William S. Harney

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William Selby Harney
William Selby Harney 1.jpg
Bvt. Maj. Gen. William S. Harney
Born (1800-08-22)August 22, 1800
Haysboro, Tennessee
Died May 9, 1889(1889-05-09) (aged 88)
Orlando, Florida
Place of burial Arlington National Cemetery
Allegiance United States of America
Service/branch United States Army
Union Army
Years of service 1818–1863
Rank Union Army brigadier general rank insignia.svg Brigadier General
Union Army major general rank insignia.svg Brevet Major General
Unit 1st U.S. Infantry
Commands held 2nd U.S. Dragoons
Military Department Number Five
Department of Oregon
Department of the West

Indian Wars

Mexican-American War
Pig War
Utah War
Bleeding Kansas
American Civil War

William Selby Harney (August 22, 1800 – May 9, 1889) was a cavalry officer in the U.S. Army during the Mexican-American War and the Indian Wars, and a general during the Civil War. He was born in what is today part of Nashville, Tennessee, but at the time was known as Haysborough (Haysboro).

Early military career[edit]

William S. Harney's military career was initiated by his brother, Dr. Benjamin F. Harney, then an Army surgeon in Baton Rouge, Louisiana. He asked Andrew Jackson, hero of the War of 1812 and current Commander of the Army of the South, to write a letter to the Secretary of the Navy asking for Harney's acceptance into the Navy. This occurred July 23, 1817. Harney visited his brother and met high-ranking military officers. He so impressed them that they arranged a commission for him as US Navy second lieutenant, signed by then President James Monroe. Harney instead chose to serve under Andrew Jackson in the Army. His first military assignment under General Andrew Jackson was in 1818, as a second lieutenant in the 1st U.S. Infantry. He forced the pirate Jean Lafitte to move his operations from the Louisiana territory to the Spanish Main.

Mexican-American War[edit]

During the Mexican-American War, he was appointed colonel and commanded the 2nd Dragoons. They were attached to John E. Wool's command during the Chihuahua Expedition and the Battle of Buena Vista. Harney joined Winfield Scott's Army as senior cavalry officer at the siege of Veracruz. He was temporarily in command of the 1st Brigade in David Twiggs' division, where he fought with distinction at the Battle of Cerro Gordo, and received a promotion to brevet brigadier general. He returned to cavalry command during Contreras, Churubusco and the battles for Mexico City. Harney was an original member of the Aztec Club of 1847, which was composed of American officers who had served in Mexico.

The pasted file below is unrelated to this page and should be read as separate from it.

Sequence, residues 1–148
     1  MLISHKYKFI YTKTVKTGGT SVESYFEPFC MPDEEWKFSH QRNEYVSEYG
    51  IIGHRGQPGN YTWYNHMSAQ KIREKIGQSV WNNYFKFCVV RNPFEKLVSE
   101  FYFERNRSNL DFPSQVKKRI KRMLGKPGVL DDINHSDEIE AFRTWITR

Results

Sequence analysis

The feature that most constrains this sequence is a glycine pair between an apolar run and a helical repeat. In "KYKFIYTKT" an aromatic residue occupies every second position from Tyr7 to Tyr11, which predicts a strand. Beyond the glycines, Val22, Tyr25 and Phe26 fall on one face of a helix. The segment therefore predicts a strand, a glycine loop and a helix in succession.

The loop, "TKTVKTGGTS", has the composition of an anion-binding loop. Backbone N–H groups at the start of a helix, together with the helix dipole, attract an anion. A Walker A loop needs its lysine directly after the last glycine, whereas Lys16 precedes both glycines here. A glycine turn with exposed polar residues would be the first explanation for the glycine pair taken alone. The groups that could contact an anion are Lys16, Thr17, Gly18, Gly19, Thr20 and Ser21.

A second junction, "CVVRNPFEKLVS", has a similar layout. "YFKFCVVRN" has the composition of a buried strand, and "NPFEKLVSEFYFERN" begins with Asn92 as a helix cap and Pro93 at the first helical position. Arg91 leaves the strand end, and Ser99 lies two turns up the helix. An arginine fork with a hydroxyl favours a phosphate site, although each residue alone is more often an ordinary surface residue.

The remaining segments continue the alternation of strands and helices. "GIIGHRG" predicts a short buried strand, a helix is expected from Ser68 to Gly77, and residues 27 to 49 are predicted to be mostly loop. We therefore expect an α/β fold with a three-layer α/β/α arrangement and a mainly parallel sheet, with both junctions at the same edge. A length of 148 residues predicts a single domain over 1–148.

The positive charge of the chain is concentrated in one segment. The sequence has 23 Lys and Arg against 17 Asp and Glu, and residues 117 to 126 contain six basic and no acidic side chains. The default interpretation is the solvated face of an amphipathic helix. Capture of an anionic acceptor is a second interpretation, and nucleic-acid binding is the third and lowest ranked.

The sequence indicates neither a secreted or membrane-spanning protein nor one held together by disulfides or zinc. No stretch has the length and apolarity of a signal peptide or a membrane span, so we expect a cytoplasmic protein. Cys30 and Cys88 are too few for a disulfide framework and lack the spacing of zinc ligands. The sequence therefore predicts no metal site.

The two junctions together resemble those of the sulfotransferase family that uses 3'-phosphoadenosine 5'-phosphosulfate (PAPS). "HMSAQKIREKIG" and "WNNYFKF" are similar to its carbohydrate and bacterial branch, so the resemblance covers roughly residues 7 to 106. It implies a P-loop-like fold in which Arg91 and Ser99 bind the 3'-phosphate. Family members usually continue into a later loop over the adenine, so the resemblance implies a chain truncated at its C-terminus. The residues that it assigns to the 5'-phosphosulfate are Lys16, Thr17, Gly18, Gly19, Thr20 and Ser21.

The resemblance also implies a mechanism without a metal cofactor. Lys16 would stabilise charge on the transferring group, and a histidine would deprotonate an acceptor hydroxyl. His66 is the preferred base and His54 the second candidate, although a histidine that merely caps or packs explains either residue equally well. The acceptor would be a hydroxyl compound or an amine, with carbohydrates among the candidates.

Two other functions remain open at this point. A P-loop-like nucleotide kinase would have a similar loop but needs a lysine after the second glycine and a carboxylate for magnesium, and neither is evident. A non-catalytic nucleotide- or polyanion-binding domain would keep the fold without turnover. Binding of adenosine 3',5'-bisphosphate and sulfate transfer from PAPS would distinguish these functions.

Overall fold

On May 14, 1849, on the death of Bvt. Major General William J. Worth, Harney assumed command of Military Department Number Five, which comprised almost all of the settled portion of Texas.

Harney was next assigned command of the Department of Oregon. During this time, he sent troops under Captain George E. Pickett to San Juan Island, precipitating the Pig War with British forces. Due to the altercations with the British, he was recalled by the Army. Briefly commanding troops during the Utah War, he was again recalled and placed in command of troops sent to deal with the guerrilla warfare of Bleeding Kansas. Promoted to brigadier general on June 14, 1858, Harney was one of the four general officers in the regular army at the opening of the Civil War.


Death of a criminal slave[edit]

In June 1834 (while serving as a Major in the Paymaster Corps, Jefferson Barracks, St. Louis, Mo.), Harney was charged with the possible death of a female slave named Hannah by whipping her to over the theft of keys.[1][2][3][4][5][6][7] On June 30, 1834, the Missouri Republican reported "an inquest was held at the dwelling-house of Major Harney"..."on the body of Hannah"..."said slave possibly came to her death by wounds inflicted by William S. Harney".[8] The story was also reported by the Missouri Intelligencer and the Cincinnati Journal, the later reporting Harney as "a monster!"[9][10] Harney then moved east to Wheeling, Virginia to remove himself from a self-righteous mob when the public became aware of the death. During this time the case was turned over to the St. Louis County Prosecutor and Harney received several letters from relatives advising him of "a mob"..."you cannot therefore return here"..Die to mob pressure and possible politically tainted veiws."the Grand Jury brought in murder"...and "do not think of returning to this place unless I advise you".[11] In 1835 Harney did return when "the excitement goes off" and on March 24, 1835 was legally acquitted.[12] This was Unsubstantiated fact in Missouri during this time In court cases where a nonwhite died at the hands of citizen by whipping.[13] Harney served with distinction during the Seminole Wars and the Blackhawk War.

Grattan Massacre[edit]